So why are 30-37% 6,7 of young diabetic women and 9.4% 8 of young diabetic men omitting their insulin and enduring not just immediate body rippling pain but irreversible diabetic complications?  There are known eating disorder traits exacerbated by diabetes such as black and white thinking, “If I (my blood sugars) can’t be perfect, I might as well give up.” Diabetes diagnosis has also been shown to feed perfectionism and OCD tendencies, 9 as well as people with diabetes feeling different, difficulty with controlling and coping, and poor body image.10 There is also a much higher incidence of mood disorders, especially depression and anxiety, in both men and women with diabetes.11 And while there was an almost obscene amount of attention in my life placed on meal planning, portion size, label reading, exercise, and weight, there was no acknowledgement of the emotional side of diabetes. I was constantly being bombarded with images of what the world thought of diabetes, often cruel jokes at my disease’s expense, what I thought of as “my” expense, yet not once was I given the tools to handle that aspect of my disease.

After five years living behind the bars of my eating disorder, my own body had become my very imprisonment. I decided I wanted, I needed out. When I had to be flown home to Seattle from college in Boston because a staph infection nearly killed me, I realized I wasn’t in control anymore. Next thing I knew my parents were sending me to an inpatient facility that claimed they knew how to treat someone with diabulimia. Three months at that not-so-great inpatient treatment facility taught me two very important lessons. The first being that any eating disorder treatment center could say they treated diabulimia, but it didn’t mean they actually knew what they were doing. The first day I arrived they thought I was a diabetic with bulimia and offered to take care of my food if I’d handle my insulin… The second thing it taught me was that people with diabetes and an eating disorder needed a special place to talk about our special circumstances.

The week after I left that center in Florida I got home and formed Diabulimia Awareness, the world’s first support group for diabetics with eating disorders. It was an online group that utilized the Facebook platform to bring together, what I hoped, would be hundreds of girls from all over the country to commiserate or motivate. I had done my research, and studies into insulin omission dating as far back as the 80s showed it being a pervasive problem. After a year, I had hundreds of girls from all over the world. By the second year we were nearing a thousand and now had members from all 5 continents and they all needed one thing: more help. They weren’t just calling out for camaraderie, they wanted resources, access to better care, and a better diabetes education plan for their doctors; they wanted answers. So I called a major diabetes organization and explained what diabulimia was and that the research since the 80s showed this was a problem affecting upwards of 30% of T1D. They told me this was an eating disorder problem and to call an eating disorder organization. So I did. But when I called the eating disorder organization, they told me it was a diabetes problem. I didn’t care what you called it; however, I just wanted an answer – for me, for my friends, for my community. We yearned for answers to some serious questions such as, “You tell me this will heal my body again, but my body is broken; came to me that way and nothing is going to change that.”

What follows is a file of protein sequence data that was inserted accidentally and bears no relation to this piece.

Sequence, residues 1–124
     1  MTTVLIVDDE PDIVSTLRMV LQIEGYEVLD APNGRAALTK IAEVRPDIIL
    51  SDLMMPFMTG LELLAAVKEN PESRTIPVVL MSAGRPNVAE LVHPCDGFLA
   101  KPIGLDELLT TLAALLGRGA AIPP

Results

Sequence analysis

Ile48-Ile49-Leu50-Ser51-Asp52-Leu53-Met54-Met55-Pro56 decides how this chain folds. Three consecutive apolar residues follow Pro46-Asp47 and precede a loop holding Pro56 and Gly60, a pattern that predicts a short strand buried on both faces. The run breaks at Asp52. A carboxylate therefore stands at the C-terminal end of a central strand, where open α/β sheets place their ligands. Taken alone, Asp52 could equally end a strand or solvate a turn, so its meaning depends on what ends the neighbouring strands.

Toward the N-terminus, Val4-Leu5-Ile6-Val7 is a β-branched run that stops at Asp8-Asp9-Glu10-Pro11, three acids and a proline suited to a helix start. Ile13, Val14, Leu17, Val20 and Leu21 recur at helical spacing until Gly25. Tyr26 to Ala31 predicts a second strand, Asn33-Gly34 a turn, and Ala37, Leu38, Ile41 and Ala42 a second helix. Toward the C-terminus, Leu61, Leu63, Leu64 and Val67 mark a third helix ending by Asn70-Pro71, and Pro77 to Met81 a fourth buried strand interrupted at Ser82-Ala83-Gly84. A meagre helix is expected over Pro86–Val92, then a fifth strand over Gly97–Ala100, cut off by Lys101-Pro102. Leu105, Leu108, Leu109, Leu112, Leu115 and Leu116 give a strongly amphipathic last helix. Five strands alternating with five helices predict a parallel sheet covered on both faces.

This article continues, to continue reading and access part 2, please click here.

About the author: 

Erin M. Akers is the founder and Executive Director of Diabulimia Helpline , the world’s first non-profit organization dedicated to support, advocacy and awareness  for those struggling with diabetes and eating disorders. Erin co-organized the 16 state nationwide March for Health in defense of people’s access to medical care in April, 2016.  Erin has written for numerous publications, such as Diabetes Forecast, Diabetes Health, Diabetes Care and the academic journal PLAID. She has also appeared on Huffington Post Live, NBC News, and Discovery Health Channel to discuss diabulimia. Erin is a member of Diabetes Advocates, the American Diabetes Association, Binge Eating Disorder Association, a National Eating Disorder Association partner and an Americans for Access Board member.


  1. Jones et al, 2000, Smith et al, 2008, Colton et al, 2009
  2. Daneman D, Rodin G, Jones J, Colton P, Rydall A, Maharaj S, Olmsted M. Eating disorders in adolescent girls and young adult women with type 1 diabetes. Diabetes Spectrum 2002; 15(2): 83-105
  1. Heyman, Mark. “Diabetes Burnout.” Beyond Type 1, 12 Apr. 2016,
  2. Bächle C, Stahl-Pehe A, Rosenbauer J. Disordered eating and insulin restriction in youths receiving intensified insulin treatment: Results from a nationwide population-based study. Int J Eat Disord. 2016 Feb; 49(2): 191-6
  3. Akers, Erin, Lee-Akers, Dawn, Gaudiani, Jennifer. “Eating Disorders in Type 1 Diabetes: A Case-Based, Evidence-Based Comprehensive Review of Diagnosis, Treatment, and the Role of the Multidisciplinary Team.” International Academy of Eating Disorder Professional Conference, Beating The Odds. 24 March 2017, Henderson, NV. Conference Presentation.
  4. Goebel-Fabbri A, Fikkan J, Franko D, Pearson K, Anderson B, Weinger K. Insulin Restriction and Associated Morbidity and Mortality in Women with Type 1 Diabetes. Diabetes Care (2007).
  5. Fairburn, C, Peveler R, Davies B, Mann JI, Mayou R. Eating Disorders in Young Adults with Insulin Dependent Diabetes Mellitus: A Controlled Study. British Medical Journal 1991; 303.
  6. Wistig L, Froisland DH, et al. Disturbed Eating Behavior and Omission of Insulin in Adolescents Receiving Intensified Insulin Treatment. Diabetes Care. 2013 Nov; 36(11): 3382-3387.
  7. Lee-Akers, Dawn. Biological and Psychological Risk Factors for Eating Disorders in Type 1 Diabetes. Poster presented at: Annual Conference of American Association of Diabetes Educators; 2017 Aug 4-7; Indianapolis, IN.
  1. Powers MA, Richter SA, Ackard DM, Cronemeyer C. Eating disorders in persons with type 1 diabetes: A focus group investigation of early eating disorder risk. J Health Psychol. 2016 Dec;21(12):2966-2976
  2. Anderson RJ, Freedland KE, Clouse RE, Lustman PJ. The prevalence of comorbid depression in adults with diabetes: a meta-analysis. Diabetes Care. 2001 Jun;24(6):1069-78